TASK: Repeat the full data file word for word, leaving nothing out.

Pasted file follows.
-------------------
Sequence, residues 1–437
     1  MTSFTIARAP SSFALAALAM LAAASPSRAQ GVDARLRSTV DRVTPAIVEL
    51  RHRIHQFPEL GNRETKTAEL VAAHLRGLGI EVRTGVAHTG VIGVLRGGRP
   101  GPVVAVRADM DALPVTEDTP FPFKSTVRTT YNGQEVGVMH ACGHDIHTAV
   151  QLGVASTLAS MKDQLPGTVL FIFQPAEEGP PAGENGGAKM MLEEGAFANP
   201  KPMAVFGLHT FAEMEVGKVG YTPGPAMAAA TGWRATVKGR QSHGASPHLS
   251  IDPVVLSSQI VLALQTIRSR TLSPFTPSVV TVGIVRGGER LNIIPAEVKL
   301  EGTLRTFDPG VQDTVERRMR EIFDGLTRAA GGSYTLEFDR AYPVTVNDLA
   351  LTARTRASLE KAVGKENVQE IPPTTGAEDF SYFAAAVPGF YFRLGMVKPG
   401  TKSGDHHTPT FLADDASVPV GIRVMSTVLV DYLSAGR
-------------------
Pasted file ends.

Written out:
Sequence, residues 1–437
     1  MTSFTIARAP SSFALAALAM LAAASPSRAQ GVDARLRSTV DRVTPAIVEL
    51  RHRIHQFPEL GNRETKTAEL VAAHLRGLGI EVRTGVAHTG VIGVLRGGRP
   101  GPVVAVRADM DALPVTEDTP FPFKSTVRTT YNGQEVGVMH ACGHDIHTAV
   151  QLGVASTLAS MKDQLPGTVL FIFQPAEEGP PAGENGGAKM MLEEGAFANP
   201  KPMAVFGLHT FAEMEVGKVG YTPGPAMAAA TGWRATVKGR QSHGASPHLS
   251  IDPVVLSSQI VLALQTIRSR TLSPFTPSVV TVGIVRGGER LNIIPAEVKL
   301  EGTLRTFDPG VQDTVERRMR EIFDGLTRAA GGSYTLEFDR AYPVTVNDLA
   351  LTARTRASLE KAVGKENVQE IPPTTGAEDF SYFAAAVPGF YFRLGMVKPG
   401  TKSGDHHTPT FLADDASVPV GIRVMSTVLV DYLSAGR